{Guest Post} Fairy Tales with Author Caitlen Rubino-Bradway

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Caitlen Rubino-Bradway
on the right with Jane Rubino
 Photography courtesy
 of the authors
Caitlen Rubino-Bradway is the author of the hilarious middle-grade novel ORDINARY MAGIC and the co-author of LADY VERNON AND HER DAUGHTER: A Novel of Jane Austen's Lady Susan, which she wrote with her mother. Caitlen lives and writes in New York City.

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This is Caitlen's second guest post with ABS, and I always love chatting with her.  The woman is hilarious--and, um, so is her writing!

Fairy Tales with Caitlen Rubino-Bradway

Since I’ve become a grown-up, I’ve realized that I’m starting to regard fairy tales differently.  Not all of them.  Just certain ones. I’ve found, looking at them again with an adult perspective, I have a lot more trouble buying them than I did as a kid.  It’s their…I’m going to go with ‘lack of basic common sense.’  I’m fine with the parade of anthropomorphized, talking animals, but seriously, Snow White — you know that a psychopath with a talent for disguises and poisons is out to kill you.  How many times do the dwarves have to tell you not to open the door?

Take Sleeping Beauty, for instance.  It occurs to me the only reason that story turns out the way it does is because the Beauty King and Queen are the worst parents ever.  Okay, maybe not ‘ever,’ but every choice they make is the wrong one.  It not only never occurs to them to buy, or make, or even borrow another golden plate so that they can invite all of the Official Fairies to the birthday banquet, which is what leads to all of that cursing trouble, but they apparently deal with their daughter’s curse by keeping her completely ignorant of both the curse itself and what exactly a spinning wheel is.  This is baffling to me.  I mean, as a reader I understand why this has to happen, but as a fully-fledged grown-up it drives me up the wall.  In fact, I’d like to think the real lesson of Sleeping Beauty is that parents should be honest with their children.  Seriously, Your Majesties.  This whole thing could’ve been avoided if you just sat your daughter down and explained: 1) that an evil fairy cursed her, 2) what exactly the terms of the curse were, 3) what a spinning wheel was and how it worked and, especially, 4) what a spindle looked like.

On a side note, it makes me appreciate the charming and funny THE WIDE-AWAKE PRINCESS so much more.  It’s a middle grade fantasy by E.D. Baker where the heroine’s older sister has the Sleeping Beauty Curse, but her family actually does inform her of what’s going on and takes steps to prevent it, which means the villain has to be a little crafty in achieving her goals.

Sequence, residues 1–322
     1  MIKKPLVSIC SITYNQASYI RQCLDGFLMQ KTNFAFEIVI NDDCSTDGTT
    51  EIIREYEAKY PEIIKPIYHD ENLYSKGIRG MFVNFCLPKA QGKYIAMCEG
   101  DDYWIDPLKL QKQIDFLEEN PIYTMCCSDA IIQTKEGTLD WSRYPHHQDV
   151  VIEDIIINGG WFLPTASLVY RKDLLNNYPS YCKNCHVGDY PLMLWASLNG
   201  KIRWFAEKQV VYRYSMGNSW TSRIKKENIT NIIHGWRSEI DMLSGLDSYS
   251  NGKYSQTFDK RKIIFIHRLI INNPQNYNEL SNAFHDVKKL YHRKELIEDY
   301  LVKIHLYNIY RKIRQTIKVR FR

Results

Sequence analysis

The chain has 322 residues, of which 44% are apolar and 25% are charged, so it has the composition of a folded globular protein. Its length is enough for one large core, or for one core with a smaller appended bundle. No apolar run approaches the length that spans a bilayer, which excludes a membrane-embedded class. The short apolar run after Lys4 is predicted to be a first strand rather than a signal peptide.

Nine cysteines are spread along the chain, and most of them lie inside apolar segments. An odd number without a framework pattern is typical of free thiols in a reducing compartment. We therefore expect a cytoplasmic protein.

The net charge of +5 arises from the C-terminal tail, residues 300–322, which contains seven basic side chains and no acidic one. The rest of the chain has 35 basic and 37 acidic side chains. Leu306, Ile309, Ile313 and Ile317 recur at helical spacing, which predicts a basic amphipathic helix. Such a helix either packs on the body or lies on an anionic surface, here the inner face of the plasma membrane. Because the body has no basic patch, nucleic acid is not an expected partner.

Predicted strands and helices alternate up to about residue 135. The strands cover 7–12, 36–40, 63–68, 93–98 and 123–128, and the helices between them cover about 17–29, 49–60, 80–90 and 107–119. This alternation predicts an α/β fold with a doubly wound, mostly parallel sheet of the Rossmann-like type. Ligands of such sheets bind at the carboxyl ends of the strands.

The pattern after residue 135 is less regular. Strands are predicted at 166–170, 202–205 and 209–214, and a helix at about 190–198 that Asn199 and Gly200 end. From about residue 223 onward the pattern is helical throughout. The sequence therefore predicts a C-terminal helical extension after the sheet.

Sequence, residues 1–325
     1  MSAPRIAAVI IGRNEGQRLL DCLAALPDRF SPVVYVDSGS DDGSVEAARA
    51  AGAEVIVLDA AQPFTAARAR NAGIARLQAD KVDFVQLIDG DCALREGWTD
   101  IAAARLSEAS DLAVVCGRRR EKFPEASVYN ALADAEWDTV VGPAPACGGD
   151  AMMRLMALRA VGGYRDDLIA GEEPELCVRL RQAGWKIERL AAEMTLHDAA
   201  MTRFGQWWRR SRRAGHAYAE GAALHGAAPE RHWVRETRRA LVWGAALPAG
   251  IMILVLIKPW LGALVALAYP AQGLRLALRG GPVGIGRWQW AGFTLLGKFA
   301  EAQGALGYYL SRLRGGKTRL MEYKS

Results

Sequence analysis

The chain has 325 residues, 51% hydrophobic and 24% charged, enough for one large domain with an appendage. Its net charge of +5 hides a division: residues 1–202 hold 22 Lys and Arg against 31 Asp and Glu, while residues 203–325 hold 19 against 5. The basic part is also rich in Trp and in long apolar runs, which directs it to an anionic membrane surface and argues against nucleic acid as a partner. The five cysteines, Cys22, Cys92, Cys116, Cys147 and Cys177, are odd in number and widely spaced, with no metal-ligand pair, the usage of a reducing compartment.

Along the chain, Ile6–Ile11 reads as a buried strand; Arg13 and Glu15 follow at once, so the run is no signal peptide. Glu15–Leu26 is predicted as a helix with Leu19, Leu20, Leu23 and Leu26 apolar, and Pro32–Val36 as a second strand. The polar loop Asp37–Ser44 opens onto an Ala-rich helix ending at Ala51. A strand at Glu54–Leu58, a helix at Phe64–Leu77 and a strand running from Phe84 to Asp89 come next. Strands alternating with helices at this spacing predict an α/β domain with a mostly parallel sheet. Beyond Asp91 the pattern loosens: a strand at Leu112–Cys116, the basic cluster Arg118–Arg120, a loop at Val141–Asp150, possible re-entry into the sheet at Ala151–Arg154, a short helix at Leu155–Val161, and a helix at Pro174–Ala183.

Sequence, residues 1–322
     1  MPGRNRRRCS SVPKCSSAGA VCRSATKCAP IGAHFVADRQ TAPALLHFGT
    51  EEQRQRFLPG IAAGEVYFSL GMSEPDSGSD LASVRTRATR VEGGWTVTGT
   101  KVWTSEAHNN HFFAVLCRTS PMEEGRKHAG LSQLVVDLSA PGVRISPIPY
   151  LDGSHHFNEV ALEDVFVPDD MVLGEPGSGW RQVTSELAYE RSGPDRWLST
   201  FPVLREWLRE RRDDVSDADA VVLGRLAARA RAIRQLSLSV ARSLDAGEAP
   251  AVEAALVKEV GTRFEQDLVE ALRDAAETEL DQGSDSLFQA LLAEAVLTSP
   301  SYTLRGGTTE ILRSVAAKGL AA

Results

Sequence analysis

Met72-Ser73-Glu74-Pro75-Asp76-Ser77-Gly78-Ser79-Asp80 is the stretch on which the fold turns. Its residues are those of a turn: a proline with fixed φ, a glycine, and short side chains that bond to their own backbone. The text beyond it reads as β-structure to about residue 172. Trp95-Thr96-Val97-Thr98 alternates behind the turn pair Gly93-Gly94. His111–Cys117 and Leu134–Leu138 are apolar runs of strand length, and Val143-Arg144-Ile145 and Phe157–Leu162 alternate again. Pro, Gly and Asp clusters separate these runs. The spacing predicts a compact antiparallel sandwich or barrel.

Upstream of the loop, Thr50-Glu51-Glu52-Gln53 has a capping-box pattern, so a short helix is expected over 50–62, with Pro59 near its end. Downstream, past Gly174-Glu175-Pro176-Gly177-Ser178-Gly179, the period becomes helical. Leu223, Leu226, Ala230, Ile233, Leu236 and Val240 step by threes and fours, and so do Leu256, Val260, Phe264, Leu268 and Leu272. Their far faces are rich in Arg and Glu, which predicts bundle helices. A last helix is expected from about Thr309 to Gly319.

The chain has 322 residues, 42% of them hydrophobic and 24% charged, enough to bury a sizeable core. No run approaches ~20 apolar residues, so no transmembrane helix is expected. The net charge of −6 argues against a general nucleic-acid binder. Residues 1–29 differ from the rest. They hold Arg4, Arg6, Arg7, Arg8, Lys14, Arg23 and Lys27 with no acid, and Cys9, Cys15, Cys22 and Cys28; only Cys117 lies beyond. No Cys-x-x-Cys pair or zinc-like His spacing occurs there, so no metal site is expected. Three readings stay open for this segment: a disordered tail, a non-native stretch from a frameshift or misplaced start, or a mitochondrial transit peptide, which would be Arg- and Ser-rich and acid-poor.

[BONUS! My review of THE WIDE-AWAKE PRINCESS.  I agree with Caitlen...I ADORE this book! Please read it!]

But the worst fairy tale for me, as a grown up, is Rumpelstiltskin, because while Sleeping Beauty does eventually wake up, along with everybody else in the castle, I’m not sure I buy Rumpelstiltskin’s happy-ever-after as much.  I’ve even gotten into lengthy and repeated fights with the Little Girl I sit for over it.  She went through a fairy tale kick where she wanted to hear Rumpel, the Wolf and the Seven Little Kids, The Three Spinners, and Mother Hubbard over and over again, which I absolutely loved, but which lead to this realization.  The Little Girl sees nothing wrong with it, and when I was a kid, neither did I.  I completely accepted that Rumpelstiltskin was the bad guy, and that the miller’s daughter got her just rewards in marrying the king, but as an adult…  Let’s just say that as someone who now has to hold down a job and pay for rent and worry about taxes, I’m a little more forgiving of Rump’s behavior.  We all got to get paid, right?  Okay, the ‘first born child’ thing is both extreme and creepy, but the first two nights he simply asked for jewelry.  And let’s not forget why Betsy (in my head the miller’s daughter is a Betsy) agrees to hand over her first kid.  It’s because, for the third night in a row, the king had locked her in a tower and demanded she spin on pain of death.  He was going to kill her — and, in some versions I’ve read, her father, too.  Not the most romantic of gestures, even if he is a king, which is probably why I’ve also seen a number of modern interpretations add a kind and much more reasonable prince for Betsy to marry.  I supposed having the King as a father-in-law is a step up from husband, but I still didn’t love it.